Articles in Brief
A quick synopsis of what other publications are
saying about topics related to leadership, employee
involvement, quality, and organizational
It’s no secret that plenty of workers use their
company’s high-speed Internet access to shop,
make travel arrangements, or just surf the Web. The
research firm ComScore Networks, in fact, found that,
excluding auctions, 59% of all 2001 Web purchases in
the United States were made from the workplace.
Another study, by Vault.com, found that 47% of
employees spend at least 30 minutes a day cruising
the Web for personal reasons.
In light of this, it would seem to make sense for
managers to keep track of their workers’ Web
habits. Shouldn’t employees conduct personal
business on their own time? Think of all the lost
Not so fast. There are problems with this logic.
First, while employers have increasingly been taking
the Big Brother approach, thanks to software that
tracks Internet usage and even lets the boss read a
worker’s e-mails, the proportion of absenteeism
attributable to personal needs has also been on the
rise—almost doubling in 2002 to 21%.
Notice the lesson here: If you don’t want
your people missing work to take care of personal
business, maybe it would be better to let them take
care of some of that business at work. Losing a few
minutes here or there—or even a couple of
hours—is cheaper than losing entire
By now, most of us have settled into the post-New
Year economic reality. We’re just sitting
around, watching all of those resolutions fall by the
wayside. If that’s you, here’s some
advice: Stop wasting your time paying attention to
all the economic pontificating. It’s nothing
but a distraction that has the potential to make 2003
just like last year—a year we’d all like
Although the experts blather about recovery,
recession, and double-dip recession, an elephant
stands quietly in the corner, unmentioned. What lots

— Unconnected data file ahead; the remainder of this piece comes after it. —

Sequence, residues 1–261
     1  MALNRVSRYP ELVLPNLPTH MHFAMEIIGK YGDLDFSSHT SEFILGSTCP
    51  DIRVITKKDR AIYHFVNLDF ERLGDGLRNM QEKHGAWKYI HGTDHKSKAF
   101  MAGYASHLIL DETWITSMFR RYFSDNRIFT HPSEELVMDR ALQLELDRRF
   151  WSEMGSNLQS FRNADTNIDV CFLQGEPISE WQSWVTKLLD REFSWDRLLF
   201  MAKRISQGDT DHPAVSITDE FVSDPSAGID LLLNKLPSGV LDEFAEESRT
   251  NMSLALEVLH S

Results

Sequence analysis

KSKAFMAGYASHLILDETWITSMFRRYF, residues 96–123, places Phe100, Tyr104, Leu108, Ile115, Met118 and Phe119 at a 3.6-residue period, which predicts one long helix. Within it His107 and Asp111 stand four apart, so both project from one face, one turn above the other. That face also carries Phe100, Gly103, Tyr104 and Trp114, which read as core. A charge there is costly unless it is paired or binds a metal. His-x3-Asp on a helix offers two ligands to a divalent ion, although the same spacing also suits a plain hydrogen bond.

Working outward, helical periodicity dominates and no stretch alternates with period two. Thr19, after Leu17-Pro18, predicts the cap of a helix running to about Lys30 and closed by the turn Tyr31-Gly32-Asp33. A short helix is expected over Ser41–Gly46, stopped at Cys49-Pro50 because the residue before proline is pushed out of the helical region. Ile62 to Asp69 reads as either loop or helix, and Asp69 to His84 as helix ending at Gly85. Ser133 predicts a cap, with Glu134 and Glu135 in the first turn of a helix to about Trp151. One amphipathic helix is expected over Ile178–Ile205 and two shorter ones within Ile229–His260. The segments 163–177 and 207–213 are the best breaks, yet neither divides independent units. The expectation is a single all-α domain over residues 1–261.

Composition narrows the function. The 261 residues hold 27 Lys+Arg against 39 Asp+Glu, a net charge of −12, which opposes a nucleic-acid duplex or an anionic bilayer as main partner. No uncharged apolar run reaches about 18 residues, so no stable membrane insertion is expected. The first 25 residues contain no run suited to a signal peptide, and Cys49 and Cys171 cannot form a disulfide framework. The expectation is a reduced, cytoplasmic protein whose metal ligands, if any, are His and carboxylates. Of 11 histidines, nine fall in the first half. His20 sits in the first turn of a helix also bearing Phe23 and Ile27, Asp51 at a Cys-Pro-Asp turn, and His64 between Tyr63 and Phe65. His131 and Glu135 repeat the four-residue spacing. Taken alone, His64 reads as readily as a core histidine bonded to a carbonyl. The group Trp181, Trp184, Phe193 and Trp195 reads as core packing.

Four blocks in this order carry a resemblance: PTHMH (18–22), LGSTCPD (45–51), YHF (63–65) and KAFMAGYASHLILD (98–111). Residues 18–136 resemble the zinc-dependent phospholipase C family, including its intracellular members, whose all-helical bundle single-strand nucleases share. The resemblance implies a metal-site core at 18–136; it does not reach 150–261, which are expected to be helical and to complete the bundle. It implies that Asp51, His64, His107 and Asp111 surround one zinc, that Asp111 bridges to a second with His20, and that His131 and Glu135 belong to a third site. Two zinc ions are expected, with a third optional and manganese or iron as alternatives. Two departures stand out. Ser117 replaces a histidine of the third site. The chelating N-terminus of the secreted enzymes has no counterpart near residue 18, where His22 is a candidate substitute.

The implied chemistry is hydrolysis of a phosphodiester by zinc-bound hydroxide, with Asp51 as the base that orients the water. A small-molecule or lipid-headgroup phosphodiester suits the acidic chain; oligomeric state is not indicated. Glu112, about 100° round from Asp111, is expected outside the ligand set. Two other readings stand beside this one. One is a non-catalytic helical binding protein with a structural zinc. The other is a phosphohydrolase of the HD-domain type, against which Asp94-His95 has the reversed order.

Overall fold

of us have been silently hoping for, without ever
quite saying it aloud, is that the good old days of a
few short years ago will return. And when they come
back, they’ll bring all their hope and
promise—that we’ll once again live in a
turbocharged economy that made it seem possible to
find work that offered the spiritual solace of poetry
and a compensation package that could handle a second
house in the country. Well, the elephant has a
message for us: Forget it.
It’s not so much that we’re guaranteed
an economic death spiral into depressionary oblivion.
Things aren’t that bad. But things have gotten
bad, and seem even worse, for the simple reason that
they used to be so good. At the height of the
new-economy phenomenon, everything about work seemed
up for grabs: the employee-company relationship, the
definition of white-collar creativity, and the
ownership of (if you will) the means of production.
All of this blue-sky possibility has evaporated, and
that’s the hardest thing to admit. Nobody talks
about reinventing the idea of work anymore, and that
feels like a defeat.
So how do we proceed? As an answer to that,
imagine a four-box grid that charts the ways that you
can move forward:
- Grow up.
- Adjust your expectations.
- Don’t grow up.
Off Duty, Out of Work
In most cases, termination for off-duty behavior
appears legally safe. After all, private employers
generally have the right to fire employees for almost
any reason. Under the “at-will” doctrine
of employment, “you can be fired for any reason
or no reason, as long as it’s not
illegal,” says Peter Petesch, an attorney in
the Washington, DC, office of Atlanta-based law firm